FAWCETT is then knocked to the ground by an Indian with a club, who then tries to drag FAWCETT away, by his beard, into the jungle. FAWCETT fumbles for something at his belt, finds it and pulls out an old service revolver, promptly shooting the Indian.
FAWCETT picks himself back up, firing at all the Indians he can see.

"Quickly boys, to the river! We'll swim across the river!"

All of the men tourn around and run through the rainforest to the river. It's wide, but there doesn't seem to be a current, so all the men immediately run in and start to wade, ford, and swim, across, all the while being shot at with arrows by the Indians. As they swim across, some men are hit by arrows and one is dragged under by a giant caiman, and a few drown under the weight of the kit they are carrying.
Rice is struggling under his kit, barely being able to lift his head above water, trying to stay afloat. He is screaming, and flailing his arms around.

"Help! Help! Someone, please help me!"

FAWCETT, who had managed to make it to the other side, turns back and sees RICE in trouble. FAWCETT gets back into the river, and swims to RICE, and tries to removes RICE's bag. RICE puts up a fight and tries to push FAWCETT's head under the surface. After a few seconds, FAWCETT manages to overpower RICE, and punches RICE in the face, knocking him out cold. FAWCETT then removes RICE's bag, but he pauses, pondering if to choose the man, or the bag. After a beat, FAWCETT lets go of the bag, letting it sink to the bottom of the river.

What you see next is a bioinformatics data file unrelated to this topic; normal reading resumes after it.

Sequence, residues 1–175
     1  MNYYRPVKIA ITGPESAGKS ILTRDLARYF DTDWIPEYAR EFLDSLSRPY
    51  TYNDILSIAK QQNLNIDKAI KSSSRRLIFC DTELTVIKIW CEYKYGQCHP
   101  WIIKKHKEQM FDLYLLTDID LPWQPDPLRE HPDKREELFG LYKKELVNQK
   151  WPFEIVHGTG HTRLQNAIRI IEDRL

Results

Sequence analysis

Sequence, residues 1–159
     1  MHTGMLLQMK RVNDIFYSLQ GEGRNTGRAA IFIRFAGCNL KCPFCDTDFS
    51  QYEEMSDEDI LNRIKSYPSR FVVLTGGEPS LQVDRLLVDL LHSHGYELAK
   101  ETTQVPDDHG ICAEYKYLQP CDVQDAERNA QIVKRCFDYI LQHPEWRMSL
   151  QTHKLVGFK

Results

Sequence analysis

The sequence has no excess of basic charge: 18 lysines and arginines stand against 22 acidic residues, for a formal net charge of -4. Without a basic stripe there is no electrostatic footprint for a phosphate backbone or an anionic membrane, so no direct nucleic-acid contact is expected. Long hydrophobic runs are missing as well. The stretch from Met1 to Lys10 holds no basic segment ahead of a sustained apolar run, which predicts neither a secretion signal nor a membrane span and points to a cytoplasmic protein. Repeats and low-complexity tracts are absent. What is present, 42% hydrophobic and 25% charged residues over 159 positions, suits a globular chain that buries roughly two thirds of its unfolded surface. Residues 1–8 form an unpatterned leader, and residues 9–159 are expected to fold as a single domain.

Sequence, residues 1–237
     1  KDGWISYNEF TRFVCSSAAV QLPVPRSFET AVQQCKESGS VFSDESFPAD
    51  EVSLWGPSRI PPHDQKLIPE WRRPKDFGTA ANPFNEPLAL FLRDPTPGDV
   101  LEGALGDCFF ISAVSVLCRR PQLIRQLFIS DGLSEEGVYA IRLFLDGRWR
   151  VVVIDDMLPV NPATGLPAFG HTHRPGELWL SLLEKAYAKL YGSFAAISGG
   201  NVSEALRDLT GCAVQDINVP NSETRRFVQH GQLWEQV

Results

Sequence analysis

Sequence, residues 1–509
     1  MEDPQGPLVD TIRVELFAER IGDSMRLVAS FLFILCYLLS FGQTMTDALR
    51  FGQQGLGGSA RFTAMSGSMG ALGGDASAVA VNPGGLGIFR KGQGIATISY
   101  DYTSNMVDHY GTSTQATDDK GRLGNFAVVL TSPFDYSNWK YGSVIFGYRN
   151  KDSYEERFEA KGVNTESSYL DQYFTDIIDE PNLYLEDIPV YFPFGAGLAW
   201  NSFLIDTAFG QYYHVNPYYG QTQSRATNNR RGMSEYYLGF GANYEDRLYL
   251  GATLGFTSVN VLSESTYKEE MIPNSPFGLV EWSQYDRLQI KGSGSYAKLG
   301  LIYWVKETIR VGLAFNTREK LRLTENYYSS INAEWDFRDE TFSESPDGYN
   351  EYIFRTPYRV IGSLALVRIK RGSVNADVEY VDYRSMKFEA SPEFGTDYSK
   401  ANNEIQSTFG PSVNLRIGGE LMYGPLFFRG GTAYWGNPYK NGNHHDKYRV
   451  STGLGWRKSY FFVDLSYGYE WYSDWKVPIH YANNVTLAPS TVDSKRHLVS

FAWCETT swims back to shore, pulling an unconscious RICE behind him. The few surviving members of the expedition is watching FAWCETT.

"Is everyone okay?"

"MacReady's been hit in the leg with an arrow, we're not sure if he'll survive for much longer. Sam's got a nasty gash on his head, but he'll pull through. We've lost a lot of the men, though."


"Statler, Isley, Hill, Burns, Rodriguez, Stenson, Smitt, Jones and Beausoliel. Most of them to the Indians, except Isley, he was killed by a caimna."

"DAMN! Thats half of the expedition! And our supplies as well!"

"Stenson had some of the maps as well...."



sounding drained
"Don't worry, I have copies, so we won't be lost. Let's set up camp here, I don't think we're in any state to go anywhere today, and it's starting to get dark."